News publications across the country have affirmed the existence of a near-crisis in providing affordable housing options for first-time homebuyers and low-income housing consumers. Mayoral elections in Minneapolis and St. Paul emphasized the need to address this problem. There are numerous private for-profit and nonprofit housing developers who would love to serve this market; indeed it is the largest segment of the housing market that is not being served adequately by anyone. If asked, builders will tell you they cannot afford to construct housing that is affordable at the low end of the market. We know that the cost of land, labor and materials has risen substantially since the recession; that is a function of the market that can’t easily be addressed through public policy. One other well-documented factor is the cost of regulation, both by state and local entities. When it costs a builder $20,000 more to build the identical home in one state vs. another state, that is compelling evidence that regulatory costs are unbalanced in the high-cost state. Regulatory cost can be addressed by public policy, if there is the will to do so.

States and cities across the country have thrown hundreds of millions of dollars at the problem and barely moved the needle. What has been lacking thus far is a constructive discussion with housing developers about what it will take for them to serve this market.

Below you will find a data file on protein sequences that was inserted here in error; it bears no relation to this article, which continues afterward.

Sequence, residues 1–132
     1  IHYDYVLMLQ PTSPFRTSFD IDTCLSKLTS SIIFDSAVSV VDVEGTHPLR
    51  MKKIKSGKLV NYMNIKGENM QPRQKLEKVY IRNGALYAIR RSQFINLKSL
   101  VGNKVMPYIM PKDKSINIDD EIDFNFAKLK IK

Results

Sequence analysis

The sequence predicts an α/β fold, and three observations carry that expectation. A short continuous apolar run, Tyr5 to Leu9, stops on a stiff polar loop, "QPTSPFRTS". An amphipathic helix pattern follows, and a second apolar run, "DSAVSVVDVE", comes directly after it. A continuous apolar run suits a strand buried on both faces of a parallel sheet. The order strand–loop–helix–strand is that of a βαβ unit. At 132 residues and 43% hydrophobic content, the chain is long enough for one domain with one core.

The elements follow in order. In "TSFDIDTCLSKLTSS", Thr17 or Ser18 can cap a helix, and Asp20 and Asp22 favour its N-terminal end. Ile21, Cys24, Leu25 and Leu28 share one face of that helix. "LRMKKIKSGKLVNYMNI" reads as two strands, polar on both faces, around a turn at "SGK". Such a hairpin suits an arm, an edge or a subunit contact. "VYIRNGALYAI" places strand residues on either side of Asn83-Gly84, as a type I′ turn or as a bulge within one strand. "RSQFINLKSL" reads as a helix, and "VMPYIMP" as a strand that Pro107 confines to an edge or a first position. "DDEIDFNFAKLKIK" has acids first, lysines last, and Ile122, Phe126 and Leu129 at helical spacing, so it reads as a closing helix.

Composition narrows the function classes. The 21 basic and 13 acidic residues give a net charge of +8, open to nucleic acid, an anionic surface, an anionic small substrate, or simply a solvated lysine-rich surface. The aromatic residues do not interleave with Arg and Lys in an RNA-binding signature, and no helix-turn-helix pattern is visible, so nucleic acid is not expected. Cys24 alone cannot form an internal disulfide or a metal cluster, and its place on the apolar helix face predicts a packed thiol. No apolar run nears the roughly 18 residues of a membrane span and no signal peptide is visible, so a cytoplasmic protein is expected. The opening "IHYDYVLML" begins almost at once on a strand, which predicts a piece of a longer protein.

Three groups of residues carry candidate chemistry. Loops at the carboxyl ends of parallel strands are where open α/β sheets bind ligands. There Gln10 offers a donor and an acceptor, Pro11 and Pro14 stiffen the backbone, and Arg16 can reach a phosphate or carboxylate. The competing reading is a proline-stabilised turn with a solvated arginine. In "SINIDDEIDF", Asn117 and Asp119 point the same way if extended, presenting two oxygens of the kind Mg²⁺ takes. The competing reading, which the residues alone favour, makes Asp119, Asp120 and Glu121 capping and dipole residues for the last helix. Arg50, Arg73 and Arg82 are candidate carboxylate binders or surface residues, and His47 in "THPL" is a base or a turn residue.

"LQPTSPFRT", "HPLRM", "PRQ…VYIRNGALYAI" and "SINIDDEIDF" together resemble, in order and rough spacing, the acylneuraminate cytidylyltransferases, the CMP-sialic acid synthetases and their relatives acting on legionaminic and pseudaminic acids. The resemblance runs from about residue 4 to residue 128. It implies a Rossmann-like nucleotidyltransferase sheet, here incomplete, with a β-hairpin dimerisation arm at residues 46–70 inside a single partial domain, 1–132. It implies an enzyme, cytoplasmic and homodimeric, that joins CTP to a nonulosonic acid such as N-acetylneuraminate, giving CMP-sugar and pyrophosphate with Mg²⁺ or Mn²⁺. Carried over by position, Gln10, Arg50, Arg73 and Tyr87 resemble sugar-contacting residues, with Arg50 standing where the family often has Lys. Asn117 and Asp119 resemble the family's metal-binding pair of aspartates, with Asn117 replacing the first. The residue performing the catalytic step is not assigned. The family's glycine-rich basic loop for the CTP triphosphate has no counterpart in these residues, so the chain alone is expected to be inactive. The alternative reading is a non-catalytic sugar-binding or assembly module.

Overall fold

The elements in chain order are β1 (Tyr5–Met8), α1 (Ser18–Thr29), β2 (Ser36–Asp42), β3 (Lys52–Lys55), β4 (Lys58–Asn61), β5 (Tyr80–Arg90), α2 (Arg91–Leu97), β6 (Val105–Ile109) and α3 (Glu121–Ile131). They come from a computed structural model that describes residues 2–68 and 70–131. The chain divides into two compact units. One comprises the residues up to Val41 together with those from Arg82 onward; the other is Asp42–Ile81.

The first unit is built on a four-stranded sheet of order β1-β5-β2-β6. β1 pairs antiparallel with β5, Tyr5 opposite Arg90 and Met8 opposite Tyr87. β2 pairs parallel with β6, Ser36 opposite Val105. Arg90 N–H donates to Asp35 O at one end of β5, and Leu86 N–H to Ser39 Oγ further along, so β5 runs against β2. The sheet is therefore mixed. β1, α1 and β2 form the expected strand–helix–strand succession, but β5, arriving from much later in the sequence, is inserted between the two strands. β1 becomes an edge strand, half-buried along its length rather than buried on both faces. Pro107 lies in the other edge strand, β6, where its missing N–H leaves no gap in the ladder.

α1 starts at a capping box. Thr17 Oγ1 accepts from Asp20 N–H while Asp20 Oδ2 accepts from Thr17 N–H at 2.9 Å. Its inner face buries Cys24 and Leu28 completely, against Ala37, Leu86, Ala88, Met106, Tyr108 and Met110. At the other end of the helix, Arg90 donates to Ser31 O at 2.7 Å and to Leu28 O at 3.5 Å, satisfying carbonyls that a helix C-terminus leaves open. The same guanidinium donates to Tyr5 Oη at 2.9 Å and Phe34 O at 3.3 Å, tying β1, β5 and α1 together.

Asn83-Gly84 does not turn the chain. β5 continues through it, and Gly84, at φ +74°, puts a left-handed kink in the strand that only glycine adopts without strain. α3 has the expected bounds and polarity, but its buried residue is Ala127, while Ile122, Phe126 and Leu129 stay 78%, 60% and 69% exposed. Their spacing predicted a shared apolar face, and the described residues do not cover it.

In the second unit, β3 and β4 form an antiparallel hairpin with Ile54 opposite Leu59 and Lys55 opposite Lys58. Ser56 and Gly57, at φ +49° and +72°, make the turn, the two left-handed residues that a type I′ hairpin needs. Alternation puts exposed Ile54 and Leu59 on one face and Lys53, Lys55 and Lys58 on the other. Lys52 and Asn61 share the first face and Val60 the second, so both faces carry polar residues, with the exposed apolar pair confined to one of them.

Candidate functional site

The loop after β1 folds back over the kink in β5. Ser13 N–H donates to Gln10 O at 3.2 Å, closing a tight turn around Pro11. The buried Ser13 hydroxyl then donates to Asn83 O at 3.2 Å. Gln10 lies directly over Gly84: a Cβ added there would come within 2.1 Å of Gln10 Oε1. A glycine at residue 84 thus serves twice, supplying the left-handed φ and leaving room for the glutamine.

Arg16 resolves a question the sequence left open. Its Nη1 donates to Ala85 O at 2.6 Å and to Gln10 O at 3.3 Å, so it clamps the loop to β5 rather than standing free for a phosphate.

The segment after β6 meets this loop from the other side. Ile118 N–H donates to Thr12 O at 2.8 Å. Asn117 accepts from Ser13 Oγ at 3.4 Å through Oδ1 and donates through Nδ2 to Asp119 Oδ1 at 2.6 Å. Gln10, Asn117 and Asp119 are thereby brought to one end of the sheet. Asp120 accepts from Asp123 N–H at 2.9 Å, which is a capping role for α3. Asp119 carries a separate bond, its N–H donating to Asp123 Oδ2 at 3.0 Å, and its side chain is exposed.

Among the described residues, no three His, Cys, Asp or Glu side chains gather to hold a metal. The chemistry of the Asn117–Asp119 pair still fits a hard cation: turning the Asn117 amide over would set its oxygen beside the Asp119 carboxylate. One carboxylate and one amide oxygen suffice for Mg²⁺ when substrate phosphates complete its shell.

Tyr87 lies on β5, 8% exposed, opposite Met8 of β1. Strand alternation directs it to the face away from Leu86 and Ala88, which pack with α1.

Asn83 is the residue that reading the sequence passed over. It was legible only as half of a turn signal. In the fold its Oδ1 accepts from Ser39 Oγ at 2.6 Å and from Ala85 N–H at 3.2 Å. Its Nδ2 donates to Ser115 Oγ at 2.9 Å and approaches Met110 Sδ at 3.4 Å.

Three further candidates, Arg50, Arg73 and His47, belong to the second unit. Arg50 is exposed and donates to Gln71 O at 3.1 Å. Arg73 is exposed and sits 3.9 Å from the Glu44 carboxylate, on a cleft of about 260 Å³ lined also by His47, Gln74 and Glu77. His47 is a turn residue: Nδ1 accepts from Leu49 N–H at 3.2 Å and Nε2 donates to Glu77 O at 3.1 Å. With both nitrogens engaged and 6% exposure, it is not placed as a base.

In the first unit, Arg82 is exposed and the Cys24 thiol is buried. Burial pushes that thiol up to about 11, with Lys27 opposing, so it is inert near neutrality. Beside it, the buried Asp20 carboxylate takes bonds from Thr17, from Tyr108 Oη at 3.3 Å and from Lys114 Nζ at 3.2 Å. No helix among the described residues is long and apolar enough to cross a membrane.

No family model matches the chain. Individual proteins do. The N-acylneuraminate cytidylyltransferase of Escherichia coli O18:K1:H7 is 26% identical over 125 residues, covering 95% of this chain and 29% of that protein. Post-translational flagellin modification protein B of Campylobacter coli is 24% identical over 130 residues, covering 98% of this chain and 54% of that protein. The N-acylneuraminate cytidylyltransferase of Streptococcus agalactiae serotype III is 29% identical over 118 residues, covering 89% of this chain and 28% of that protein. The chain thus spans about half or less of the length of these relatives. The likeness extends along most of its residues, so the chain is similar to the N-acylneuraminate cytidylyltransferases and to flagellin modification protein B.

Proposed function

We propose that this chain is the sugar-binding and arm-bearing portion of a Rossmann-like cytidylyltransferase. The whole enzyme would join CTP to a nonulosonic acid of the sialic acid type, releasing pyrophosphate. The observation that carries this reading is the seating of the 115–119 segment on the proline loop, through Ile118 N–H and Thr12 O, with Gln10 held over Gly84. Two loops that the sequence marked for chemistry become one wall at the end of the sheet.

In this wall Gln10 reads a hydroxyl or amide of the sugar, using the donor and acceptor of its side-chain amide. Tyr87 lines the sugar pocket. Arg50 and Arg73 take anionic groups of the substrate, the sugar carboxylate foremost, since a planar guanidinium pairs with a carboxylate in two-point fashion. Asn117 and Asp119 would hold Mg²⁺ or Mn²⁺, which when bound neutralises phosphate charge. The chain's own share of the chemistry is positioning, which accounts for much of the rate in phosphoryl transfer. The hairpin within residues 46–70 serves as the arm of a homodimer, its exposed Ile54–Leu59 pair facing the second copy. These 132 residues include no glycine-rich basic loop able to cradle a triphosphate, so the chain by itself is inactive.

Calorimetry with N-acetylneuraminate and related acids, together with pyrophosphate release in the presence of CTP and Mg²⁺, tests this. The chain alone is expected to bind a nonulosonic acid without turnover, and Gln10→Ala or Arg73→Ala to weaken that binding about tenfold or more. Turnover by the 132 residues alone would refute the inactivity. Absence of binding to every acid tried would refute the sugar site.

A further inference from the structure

What have state and local governments been doing to address this problem? Well, not much, actually. The governor of Minnesota recently convened a housing task force to come up with ideas to address housing affordability; curiously the trade organization representing the largest concentration of Minnesota homebuilders was not invited to serve on the committee. To the contrary, what a growing number of cities are contemplating is a new illegal tax on housing that would compel housing developers to pay a fee as a condition of being approved for a new development, unless the developer agrees to construct a certain number of housing units that will be held for sale or use by consumers at a certain income scale. Some refer to this as inclusionary zoning. The theory is that a housing developer ought to have to fund a public housing initiative as the price of securing government approval of a new private, unsubsidized housing project. Aside from having no statutory basis, at least in Minnesota, it’s a nice little maneuver that shifts responsibility for addressing a serious public policy problem from the responsible governmental body to developers of new multi-family and single family housing – thus, it’s now the housing industry’s problem.

Theoretically, a housing developer could bury the added cost of meeting this new tax by inflating the cost of its remaining housing stock (that is what occurs with other government fees). In this instance, not only is this approach arguably illegal, but in a tight housing market, it will also be very difficult for the for-profit housing sector to absorb this new tax. And the only way the nonprofit sector can satisfy such a requirement is for the government to subsidize it.  How ironic.

It’s time for government entities concerned about housing affordability to sit down with those folks who would like to build more affordable housing. Simply adding a new tax on housing may feel good to public policymakers, but it only makes housing that much more expensive for housing consumers.